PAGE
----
1) Is there any particular reason you decided to use 3-wide c channel instead of 2-wide? You mentioned that 2-wide would work just fine with smaller size sprockets, and since it juts out less it would keep the entire lift closer to the base point, which would cause less of a tendency to lean and/or put immense pressure on the bottom spacers, as you mentioned was happening and required the need of reinforcement.

    2) How often did a length of chain break? If they never broke I would imagine you wouldn't really need 2 lengths per stage, so I'm going to go out on a limb and say that this has happened before. And to piggyback off of this, do you think a smaller, 3 stage lift for Turning Point would require 2 lengths per stage? I'd hope not, as the lift would be both lighter and smaller.

  17. @Mystellianne do you think a smaller, 3 stage lift for Turning Point would require 2 lengths per stage? I'd hope not, as the lift would be both lighter and smaller.

    I don't want to derail this thread, but I'm curious as to why you think you need a 3 stage cascade lift for turning point.

  18. Mystellianne

    May 3 Miami, Florida 4411S

    @Mystical Pie I don't want to derail this thread, but I'm curious as to why you think you need a 3 stage cascade lift for turning point.

    I'm assuming you think that 3 stages is too much; if I decide to do something like this, I wouldn't want to make each stage a full length piece of metal like this (for unstated reasons), so I'd probably need that many stages to reach a tall post given the shorter individual lengths.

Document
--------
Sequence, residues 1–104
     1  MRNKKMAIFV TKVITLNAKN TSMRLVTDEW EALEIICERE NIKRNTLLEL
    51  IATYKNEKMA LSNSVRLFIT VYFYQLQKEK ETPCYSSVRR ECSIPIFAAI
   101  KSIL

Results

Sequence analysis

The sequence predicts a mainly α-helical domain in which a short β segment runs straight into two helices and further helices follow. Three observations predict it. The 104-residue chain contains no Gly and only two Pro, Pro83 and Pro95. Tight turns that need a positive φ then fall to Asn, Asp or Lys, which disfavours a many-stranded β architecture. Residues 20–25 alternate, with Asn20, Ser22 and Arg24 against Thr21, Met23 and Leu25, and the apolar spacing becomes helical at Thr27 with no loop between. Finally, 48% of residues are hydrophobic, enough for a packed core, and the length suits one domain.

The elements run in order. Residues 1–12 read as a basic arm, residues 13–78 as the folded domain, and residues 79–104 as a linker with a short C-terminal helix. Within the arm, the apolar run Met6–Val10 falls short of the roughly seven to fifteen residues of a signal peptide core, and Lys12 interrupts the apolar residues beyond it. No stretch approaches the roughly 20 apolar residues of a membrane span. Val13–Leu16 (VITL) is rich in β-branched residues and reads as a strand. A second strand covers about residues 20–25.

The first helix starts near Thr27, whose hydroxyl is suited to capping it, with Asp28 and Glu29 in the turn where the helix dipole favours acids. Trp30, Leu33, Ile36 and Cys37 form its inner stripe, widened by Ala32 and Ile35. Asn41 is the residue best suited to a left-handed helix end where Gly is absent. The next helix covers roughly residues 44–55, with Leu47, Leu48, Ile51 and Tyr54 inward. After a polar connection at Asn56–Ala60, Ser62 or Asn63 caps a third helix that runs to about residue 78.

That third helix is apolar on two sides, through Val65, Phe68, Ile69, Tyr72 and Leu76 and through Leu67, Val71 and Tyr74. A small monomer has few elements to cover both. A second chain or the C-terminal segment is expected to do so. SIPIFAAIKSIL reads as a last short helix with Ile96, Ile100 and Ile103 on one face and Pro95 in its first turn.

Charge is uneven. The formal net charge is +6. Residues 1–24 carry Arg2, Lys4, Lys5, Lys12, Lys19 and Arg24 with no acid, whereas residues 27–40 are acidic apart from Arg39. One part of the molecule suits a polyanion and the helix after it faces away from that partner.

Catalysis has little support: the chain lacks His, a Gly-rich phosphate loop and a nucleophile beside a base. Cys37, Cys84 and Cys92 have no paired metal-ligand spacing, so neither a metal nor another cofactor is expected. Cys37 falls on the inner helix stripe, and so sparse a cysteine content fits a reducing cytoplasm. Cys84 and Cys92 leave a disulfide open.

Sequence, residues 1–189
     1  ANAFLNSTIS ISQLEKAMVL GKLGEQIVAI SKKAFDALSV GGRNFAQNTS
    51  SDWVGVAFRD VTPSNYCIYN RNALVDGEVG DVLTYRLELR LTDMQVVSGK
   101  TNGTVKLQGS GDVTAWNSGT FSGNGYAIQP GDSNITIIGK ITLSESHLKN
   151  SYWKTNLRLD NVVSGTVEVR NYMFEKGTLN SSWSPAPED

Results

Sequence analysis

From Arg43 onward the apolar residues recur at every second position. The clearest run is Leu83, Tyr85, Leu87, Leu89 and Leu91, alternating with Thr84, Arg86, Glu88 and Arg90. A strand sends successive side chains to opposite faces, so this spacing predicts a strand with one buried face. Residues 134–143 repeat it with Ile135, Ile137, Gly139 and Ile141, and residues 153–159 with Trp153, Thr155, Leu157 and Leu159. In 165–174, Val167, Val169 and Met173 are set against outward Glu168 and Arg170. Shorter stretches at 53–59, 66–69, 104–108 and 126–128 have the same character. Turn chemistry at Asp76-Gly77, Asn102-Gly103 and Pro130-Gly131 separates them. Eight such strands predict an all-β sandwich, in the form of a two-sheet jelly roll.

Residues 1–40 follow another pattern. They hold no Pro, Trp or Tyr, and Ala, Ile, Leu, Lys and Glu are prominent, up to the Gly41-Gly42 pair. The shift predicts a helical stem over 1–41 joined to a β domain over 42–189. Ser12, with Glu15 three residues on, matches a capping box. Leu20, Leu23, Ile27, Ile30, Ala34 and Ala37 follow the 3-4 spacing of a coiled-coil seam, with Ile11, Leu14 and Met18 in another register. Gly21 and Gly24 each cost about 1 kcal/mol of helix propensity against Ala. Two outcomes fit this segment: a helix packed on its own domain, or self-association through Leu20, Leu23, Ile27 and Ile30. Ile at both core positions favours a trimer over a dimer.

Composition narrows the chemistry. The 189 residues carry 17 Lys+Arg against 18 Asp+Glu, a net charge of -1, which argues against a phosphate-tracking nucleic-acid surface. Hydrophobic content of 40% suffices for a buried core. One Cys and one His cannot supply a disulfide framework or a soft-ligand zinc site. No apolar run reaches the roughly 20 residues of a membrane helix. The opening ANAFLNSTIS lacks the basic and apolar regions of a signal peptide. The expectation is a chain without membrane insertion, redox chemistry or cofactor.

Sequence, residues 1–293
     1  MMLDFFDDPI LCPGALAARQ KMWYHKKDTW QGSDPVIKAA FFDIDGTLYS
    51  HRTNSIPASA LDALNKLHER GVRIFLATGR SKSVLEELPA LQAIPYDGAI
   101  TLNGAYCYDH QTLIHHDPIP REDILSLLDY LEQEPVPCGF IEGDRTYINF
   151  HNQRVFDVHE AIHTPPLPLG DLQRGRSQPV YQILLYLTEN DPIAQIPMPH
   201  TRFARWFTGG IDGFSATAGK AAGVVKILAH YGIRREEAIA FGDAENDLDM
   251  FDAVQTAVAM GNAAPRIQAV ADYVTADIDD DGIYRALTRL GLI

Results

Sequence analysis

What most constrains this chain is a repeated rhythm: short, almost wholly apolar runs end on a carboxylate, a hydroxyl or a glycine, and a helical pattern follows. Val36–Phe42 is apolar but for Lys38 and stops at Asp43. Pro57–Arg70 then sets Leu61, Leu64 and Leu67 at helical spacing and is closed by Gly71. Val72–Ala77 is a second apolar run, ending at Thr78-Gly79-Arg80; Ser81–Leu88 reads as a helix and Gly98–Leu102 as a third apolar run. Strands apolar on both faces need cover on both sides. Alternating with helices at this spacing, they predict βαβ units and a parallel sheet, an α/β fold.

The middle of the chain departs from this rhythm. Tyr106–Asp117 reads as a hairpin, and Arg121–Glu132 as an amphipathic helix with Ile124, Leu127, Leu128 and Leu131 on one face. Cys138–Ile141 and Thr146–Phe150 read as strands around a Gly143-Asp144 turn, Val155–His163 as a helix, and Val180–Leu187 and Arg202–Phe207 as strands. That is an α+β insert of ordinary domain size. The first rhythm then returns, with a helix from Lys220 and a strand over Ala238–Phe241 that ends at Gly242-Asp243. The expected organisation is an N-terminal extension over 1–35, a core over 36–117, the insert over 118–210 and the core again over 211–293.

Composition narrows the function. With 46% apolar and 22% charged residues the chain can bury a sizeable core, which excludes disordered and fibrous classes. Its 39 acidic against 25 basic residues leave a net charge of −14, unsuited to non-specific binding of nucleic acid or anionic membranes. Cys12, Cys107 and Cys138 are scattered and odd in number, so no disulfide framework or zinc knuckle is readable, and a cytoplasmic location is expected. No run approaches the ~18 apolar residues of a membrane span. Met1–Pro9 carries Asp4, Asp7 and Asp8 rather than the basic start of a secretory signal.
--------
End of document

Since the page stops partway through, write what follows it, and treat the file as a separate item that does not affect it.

19. Trex

    May 3 Oak Park, Illinois 99371

    @ethan_matlack Optimally, you'd want no metal-metal contact and lubricated plastic to plastic would be better. I might have to experiment with custom slider rails and rollers in order to further reduce friction. Also, we all know that chain is a major source of friction loss, so I'd love to see a design with less of it. It would also seriously help limit slop.

    Actually no, metal on metal with lube has less friction then plastic on plastic, also it lasts longer than plastic. Secondly there is no slop due to it being screwed into pillow bearings, third the reducing of the chain is not actually noticeable, when done correctly change has very little fiction.

    @Mystellianne Really cool build, I'm sure a lot of teams will study it closely for the next season. A few questions, though:

    1) Is there any particular reason you decided to use 3-wide c channel instead of 2-wide? You mentioned that 2-wide would work just fine with smaller size sprockets, and since it juts out less it would keep the entire lift closer to the base point, which would cause less of a tendency to lean and/or put immense pressure on the bottom spacers, as you mentioned was happening and required the need of reinforcement.

    2) How often did a length of chain break? If they never broke I would imagine you wouldn't really need 2 lengths per stage, so I'm going to go out on a limb and say that this has happened before. And to piggyback off of this, do you think a smaller, 3 stage lift for Turning Point would require 2 lengths per stage? I'd hope not, as the lift would be both lighter and smaller.

    For higher lifting with 5 sections we found 3 side to be more stable and more robust, and less side to side motion. Addressing your second question it was just for better weight distribution, it broke maybe once a month you could most definitely run a two section for Turing point .

  20. AlohazZ

    May 3 Hawaii 8050

    I could be mistaken but I don’t think there are high shaft inserts for the smallest sprocket if you used 2by c channels. Would it be better to drill out the whole to reduce friction? Or just have the axil rotate in the bearing and not drill out the center